Methodology for the allocation of School Counselling Service
The existing allocation of School Counselling Service to schools has been guided by a state-wide methodology developed in consultation with stakeholders as well as by research. Stakeholders included representatives from the Primary Principals Association, Secondary Principals Council, and PPA SSP reference groups.
The allocation methodology for the School Counselling Service is currently under review. Principals were advised in Term 4 2023 that the current methodology will be maintained during 2024 while the review is undertaken.
The revised allocation methodology will address the changing demands on the service and the demographic profile of schools. The new allocation cycle will incorporate the planned 250 additional School Counselling Service positions.
The new methodology and allocations will be implemented from January 2025.
What principles underpin the methodology?
The methodology for the School Counselling Services:
- is informed by current research, feedback from stakeholders and NSW school and student data
- provides every NSW public school a School Counselling Service allocation that reflects student need.
How is the allocation of School Counselling Service calculated?
The counselling allocation is based on student enrolment data and on indicators of student need.
The existing allocation of School Counselling Service is based on student enrolment data and on indicators of student need. A 60% weighting is provided to enrolments and a 40% weighting is provided to the indicators of need. Students impacted by disability, socio-disadvantage and remoteness are provided 40%, 40% and 20% weightings respectively in the indicators of need.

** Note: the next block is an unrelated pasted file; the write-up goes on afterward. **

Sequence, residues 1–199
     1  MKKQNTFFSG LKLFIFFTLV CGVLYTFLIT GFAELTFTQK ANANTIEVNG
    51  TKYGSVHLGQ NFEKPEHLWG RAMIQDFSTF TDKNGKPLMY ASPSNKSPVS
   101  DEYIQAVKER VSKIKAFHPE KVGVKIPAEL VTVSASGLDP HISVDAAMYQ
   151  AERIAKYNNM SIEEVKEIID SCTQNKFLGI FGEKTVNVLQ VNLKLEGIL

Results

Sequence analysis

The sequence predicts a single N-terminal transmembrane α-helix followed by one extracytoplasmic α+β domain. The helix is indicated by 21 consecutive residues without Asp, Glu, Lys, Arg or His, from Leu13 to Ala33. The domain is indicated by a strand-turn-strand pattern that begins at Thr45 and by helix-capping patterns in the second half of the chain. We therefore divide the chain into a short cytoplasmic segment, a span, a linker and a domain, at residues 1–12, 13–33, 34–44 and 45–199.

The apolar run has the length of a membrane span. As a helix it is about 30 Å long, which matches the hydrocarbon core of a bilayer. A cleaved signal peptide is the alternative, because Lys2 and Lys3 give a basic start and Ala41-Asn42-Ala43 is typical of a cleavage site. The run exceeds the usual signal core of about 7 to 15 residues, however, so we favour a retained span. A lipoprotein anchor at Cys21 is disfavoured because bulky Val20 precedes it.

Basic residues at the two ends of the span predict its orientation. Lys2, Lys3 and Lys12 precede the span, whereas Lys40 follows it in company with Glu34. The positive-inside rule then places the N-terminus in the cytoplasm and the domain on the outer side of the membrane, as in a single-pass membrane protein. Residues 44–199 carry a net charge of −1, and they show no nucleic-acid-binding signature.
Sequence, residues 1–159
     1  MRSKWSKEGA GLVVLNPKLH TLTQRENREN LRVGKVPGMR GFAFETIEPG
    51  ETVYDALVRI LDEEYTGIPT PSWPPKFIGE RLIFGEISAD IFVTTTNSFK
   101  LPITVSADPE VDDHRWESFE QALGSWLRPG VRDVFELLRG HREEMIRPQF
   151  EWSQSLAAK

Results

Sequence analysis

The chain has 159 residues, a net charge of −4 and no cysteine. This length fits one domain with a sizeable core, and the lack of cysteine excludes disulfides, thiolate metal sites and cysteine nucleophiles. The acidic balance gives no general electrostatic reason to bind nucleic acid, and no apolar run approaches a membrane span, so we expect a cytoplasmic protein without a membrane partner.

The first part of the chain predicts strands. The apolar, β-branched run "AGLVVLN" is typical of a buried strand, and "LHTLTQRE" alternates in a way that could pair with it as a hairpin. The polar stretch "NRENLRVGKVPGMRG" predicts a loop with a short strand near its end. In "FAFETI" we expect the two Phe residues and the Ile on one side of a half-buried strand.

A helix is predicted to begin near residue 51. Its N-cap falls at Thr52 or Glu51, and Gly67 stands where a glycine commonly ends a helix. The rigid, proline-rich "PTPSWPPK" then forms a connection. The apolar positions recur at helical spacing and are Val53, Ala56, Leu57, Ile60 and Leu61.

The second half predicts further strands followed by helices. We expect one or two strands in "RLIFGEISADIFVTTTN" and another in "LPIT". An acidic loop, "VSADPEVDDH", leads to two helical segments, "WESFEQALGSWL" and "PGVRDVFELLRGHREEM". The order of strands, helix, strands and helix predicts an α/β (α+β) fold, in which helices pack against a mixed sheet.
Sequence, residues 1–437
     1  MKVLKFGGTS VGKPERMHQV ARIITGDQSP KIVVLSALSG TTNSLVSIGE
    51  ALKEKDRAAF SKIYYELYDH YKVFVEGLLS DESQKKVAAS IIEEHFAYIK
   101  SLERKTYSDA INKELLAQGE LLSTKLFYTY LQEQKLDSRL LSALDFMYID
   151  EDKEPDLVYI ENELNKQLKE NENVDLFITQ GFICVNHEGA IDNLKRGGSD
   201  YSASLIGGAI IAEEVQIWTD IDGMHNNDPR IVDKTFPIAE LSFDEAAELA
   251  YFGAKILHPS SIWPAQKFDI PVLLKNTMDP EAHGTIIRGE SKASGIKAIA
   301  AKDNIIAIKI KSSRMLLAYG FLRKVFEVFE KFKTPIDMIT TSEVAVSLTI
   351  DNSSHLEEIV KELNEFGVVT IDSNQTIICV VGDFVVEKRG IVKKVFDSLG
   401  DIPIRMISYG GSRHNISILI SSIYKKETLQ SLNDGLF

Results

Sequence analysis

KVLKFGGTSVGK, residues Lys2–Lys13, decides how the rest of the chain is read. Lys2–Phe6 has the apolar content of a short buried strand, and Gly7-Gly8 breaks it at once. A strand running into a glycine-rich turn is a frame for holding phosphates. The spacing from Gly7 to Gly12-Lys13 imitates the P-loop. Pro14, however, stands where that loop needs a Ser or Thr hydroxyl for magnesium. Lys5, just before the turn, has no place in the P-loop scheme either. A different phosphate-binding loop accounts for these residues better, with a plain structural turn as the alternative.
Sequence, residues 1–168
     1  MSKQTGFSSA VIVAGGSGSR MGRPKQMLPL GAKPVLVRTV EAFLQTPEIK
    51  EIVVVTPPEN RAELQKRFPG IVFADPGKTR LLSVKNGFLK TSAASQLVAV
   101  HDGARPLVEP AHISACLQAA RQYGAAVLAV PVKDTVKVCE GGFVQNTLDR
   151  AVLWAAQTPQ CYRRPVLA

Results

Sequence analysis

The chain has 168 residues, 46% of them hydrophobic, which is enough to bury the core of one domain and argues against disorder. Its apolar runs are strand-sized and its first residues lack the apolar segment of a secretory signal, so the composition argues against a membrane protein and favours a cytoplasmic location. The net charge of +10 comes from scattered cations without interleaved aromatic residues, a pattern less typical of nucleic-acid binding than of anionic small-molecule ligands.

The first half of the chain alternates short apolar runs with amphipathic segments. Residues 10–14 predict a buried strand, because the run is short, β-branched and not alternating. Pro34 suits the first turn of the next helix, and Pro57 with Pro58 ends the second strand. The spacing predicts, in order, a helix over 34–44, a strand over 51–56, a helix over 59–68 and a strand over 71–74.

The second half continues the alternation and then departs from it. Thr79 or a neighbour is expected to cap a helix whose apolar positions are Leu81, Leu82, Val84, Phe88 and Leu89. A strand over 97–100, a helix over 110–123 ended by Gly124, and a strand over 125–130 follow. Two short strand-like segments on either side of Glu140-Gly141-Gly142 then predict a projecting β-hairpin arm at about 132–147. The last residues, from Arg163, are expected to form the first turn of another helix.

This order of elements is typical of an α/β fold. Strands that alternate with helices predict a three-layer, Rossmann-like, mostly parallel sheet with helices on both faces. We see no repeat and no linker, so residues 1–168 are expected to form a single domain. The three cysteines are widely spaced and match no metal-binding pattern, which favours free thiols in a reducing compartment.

|Students impacted by disability
Student Learning Need Index (SLNI)
Notional enrolment for each support class including Schools for Specific Purposes (SSPs)
|Average of proportion of students where both parents are not in paid work, and the proportion of students where the maximum education for both parents is Year 10 (Parent Index)
|Acessibility/Remoteness Index of Australia (ARIA+)
How is the indicator of need for students impacted by disability and additional learning and support needs calculated?
The Student Learning Needs Index (SLNI) has been applied as it is a broad measure of disability and additional learning and support needs. Students in Schools for Specific Purposes were allocated a notional SLNI.
How is the socio-disadvantage factor of need calculated?
The Mental Health of Children and Adolescents, Report on the Second Australian Child and Adolescent Survey of Mental Health and Wellbeing indicates there is a strong association between mental disorders and specific socio-demographic factors. Children and adolescents with parents and carers with lower levels of education and higher levels of unemployment had higher rates of mental disorders.
A specific index has been calculated by the Centre for Education Statistics and Evaluation and applied to reflect this research. This data is collected through the Enrolment Registration Number (ERN) system. This index correlates highly with other measures of disadvantage.
How is the remoteness factor of need calculated?
The remoteness factor measures remoteness using Accessibility/Remoteness Index of Australia (ARIA+). ARIA+ is a measure of service accessibility and remoteness derived from road distances between populated localities and service centres. ARIA+ is widely used across Australia and has become recognised as a nationally consistent measure of geographic remoteness.